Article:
There are just certain truths, trials, and life experiences everyone goes through. We all may take different paths, call them differently, but because we are more alike than not, we will all muddle through life gaining wisdom and compassion once we come out ahead.
I lay awake in bed talking to my lovely husband about my worries for the boys as they get older and what decisions they make will help or hinder their progression into adulthood. I fear the peer pressure of drugs, sex, and just hurting themselves or others. Don't we all as parents? I know I can be consumed by my need to hammer in every opportunity to influence their thought process now (hoping they will use it when necessary to come out ahead). Let's hope.
Now, one area that seems to get everyone tripped up in adulthood is the "high school" mentality of friendships. Some high school girls were catty, fickle about friendships and words. There's gossip and there's today-you-are-it-to-be-on the-crap-on list and so on. We were not done being a kid but some of our decisions came with adult consequences.
Since I've been a stay-at-home mom, I've run across some groups of women who still act like they are in high school and seem to enjoy the gossip and taking apart some other mom they are "friends" with. I was in a friendship triangle when S.E. was a few months old. I was trying to find my niche in the world of SAHMs and what I had to do to ensure my baby would be accepted and liked. I joined a baby group at the hospital. I met a few wonderful moms and one I am grateful to have in my life (that's you C). I was eager to join in a group-but it was at the expense of my values and morals. I listened to gossip. Partook in gossip. I took part in being appalled at how another mom would behave to her baby. Not nice stuff. Then, they turned on me. It was my turn to be in outcast. Wow. It hurt. I cried. I whined. I questioned my motives for being friends and how I try earn a friend but expect nothing back from the other person. I mistook being liked with being happy. I was not happy during this time of watching my every step for fear of criticism.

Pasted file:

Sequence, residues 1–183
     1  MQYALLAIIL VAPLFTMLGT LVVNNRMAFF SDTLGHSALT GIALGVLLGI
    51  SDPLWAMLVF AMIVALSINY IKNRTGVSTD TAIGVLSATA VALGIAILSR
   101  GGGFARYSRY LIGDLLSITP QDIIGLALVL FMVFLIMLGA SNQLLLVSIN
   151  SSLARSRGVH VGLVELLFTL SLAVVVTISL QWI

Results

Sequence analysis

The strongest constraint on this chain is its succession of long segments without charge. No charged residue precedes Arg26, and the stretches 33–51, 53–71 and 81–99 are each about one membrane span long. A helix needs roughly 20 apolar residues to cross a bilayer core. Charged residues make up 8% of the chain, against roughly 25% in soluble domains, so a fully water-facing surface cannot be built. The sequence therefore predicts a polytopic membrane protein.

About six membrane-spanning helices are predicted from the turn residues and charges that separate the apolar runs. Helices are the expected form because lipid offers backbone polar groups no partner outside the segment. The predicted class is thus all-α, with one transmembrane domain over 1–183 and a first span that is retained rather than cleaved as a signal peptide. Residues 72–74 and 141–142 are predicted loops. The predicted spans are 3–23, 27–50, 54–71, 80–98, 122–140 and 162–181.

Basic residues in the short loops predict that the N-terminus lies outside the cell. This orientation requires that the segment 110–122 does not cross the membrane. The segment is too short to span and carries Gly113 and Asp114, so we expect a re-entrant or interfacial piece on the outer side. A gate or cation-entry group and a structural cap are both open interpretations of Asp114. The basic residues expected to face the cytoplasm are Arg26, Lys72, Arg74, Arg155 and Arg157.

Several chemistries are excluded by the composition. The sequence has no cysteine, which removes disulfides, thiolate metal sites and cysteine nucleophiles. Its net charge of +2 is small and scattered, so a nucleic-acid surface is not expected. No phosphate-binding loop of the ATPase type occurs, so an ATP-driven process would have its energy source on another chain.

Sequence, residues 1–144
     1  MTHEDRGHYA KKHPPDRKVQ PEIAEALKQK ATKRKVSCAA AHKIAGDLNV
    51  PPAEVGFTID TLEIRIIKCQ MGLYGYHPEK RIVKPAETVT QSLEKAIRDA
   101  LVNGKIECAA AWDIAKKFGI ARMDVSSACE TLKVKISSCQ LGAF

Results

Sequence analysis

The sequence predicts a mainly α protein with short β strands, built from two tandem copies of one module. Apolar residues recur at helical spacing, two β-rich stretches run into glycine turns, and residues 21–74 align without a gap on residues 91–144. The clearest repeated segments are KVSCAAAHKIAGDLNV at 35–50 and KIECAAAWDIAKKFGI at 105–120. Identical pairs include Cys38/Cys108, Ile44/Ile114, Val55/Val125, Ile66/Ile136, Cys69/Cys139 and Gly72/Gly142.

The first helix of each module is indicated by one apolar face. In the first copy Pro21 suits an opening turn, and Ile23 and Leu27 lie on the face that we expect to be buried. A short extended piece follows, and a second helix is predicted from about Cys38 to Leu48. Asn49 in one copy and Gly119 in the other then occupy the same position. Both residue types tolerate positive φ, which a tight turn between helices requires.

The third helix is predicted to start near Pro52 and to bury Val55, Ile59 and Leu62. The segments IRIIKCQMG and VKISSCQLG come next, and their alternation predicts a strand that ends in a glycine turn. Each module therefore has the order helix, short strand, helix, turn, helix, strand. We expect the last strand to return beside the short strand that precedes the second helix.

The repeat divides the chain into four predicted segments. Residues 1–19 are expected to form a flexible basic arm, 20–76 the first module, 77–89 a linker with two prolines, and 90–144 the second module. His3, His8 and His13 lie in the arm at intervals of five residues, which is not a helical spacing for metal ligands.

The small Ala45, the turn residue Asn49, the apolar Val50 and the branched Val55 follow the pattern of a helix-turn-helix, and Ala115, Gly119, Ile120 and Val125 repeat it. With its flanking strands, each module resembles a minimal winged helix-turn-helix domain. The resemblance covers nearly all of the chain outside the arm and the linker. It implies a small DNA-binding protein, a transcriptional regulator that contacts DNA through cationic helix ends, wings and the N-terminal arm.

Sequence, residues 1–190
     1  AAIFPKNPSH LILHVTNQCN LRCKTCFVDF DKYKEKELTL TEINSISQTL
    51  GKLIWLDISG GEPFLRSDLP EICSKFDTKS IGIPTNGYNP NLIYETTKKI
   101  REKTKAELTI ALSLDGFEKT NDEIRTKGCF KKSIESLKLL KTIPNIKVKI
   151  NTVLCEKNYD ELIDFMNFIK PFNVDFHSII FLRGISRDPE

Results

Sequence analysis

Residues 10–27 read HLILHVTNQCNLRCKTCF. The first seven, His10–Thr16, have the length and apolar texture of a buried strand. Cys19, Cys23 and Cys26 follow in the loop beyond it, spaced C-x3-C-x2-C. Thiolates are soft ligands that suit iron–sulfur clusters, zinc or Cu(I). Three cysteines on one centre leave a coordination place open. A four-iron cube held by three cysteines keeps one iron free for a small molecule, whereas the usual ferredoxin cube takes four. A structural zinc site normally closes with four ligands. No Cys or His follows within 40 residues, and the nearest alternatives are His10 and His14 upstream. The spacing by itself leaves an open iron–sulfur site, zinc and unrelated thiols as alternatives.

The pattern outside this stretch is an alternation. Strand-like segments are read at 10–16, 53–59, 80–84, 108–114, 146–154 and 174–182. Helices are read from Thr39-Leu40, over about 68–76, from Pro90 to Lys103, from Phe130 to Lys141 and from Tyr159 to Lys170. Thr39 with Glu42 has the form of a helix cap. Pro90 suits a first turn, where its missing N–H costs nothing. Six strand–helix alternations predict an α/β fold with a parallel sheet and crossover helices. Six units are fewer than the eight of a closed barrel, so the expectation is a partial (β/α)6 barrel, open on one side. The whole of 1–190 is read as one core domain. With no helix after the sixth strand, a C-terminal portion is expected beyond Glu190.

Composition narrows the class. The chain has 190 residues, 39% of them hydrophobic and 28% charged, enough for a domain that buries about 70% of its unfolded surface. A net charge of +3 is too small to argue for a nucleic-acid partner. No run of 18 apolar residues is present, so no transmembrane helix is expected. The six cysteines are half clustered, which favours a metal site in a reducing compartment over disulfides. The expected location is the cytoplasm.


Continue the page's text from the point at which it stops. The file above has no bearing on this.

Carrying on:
Here's my ah-ha moment (a la Oprah)...true friends don't bring you down. They don't shun you because you had a bad day or your baby cried for hours during playtime. They are supportive and don't get jealous when you don't do things with them. I learned that my relationship with my kids and husband are supreme above the playground moms I meet and try to be friends with. We all have enough insecurities (Lord knows I've got two luggage jammed packed full) to be worrying about if someone doesn't like you or not.
These days, I am a lot better about it-in fact I'm happy and content. I am accepting of myself and my ability to know what's best for my family. And when I don't, I try harder. While I would like to be liked, I don't obsess about whether someone likes me or not. I don't care if no one asks me to girls' night out or whatever. Sometimes my feelings get hurt just a tad but then I remember who I am and how much I like doing things by myself or having a good friend over or just talking on the phone with my family.
Why am I bringing this up today? A new to the area mom came over today and she's having the same problems adjusting to being at home and finding her ground. I am glad I went through what I did years ago because I think it helped her not feel so alone and beaten down.
Here's what I know: love your husband, love your kids harder, and make the most of the time you have and enjoy the encounters you have with people you come into contact with. Also, when you are in bad place, get through it, ask for help and learn something from the experience and either pass it on or try not to hurt others.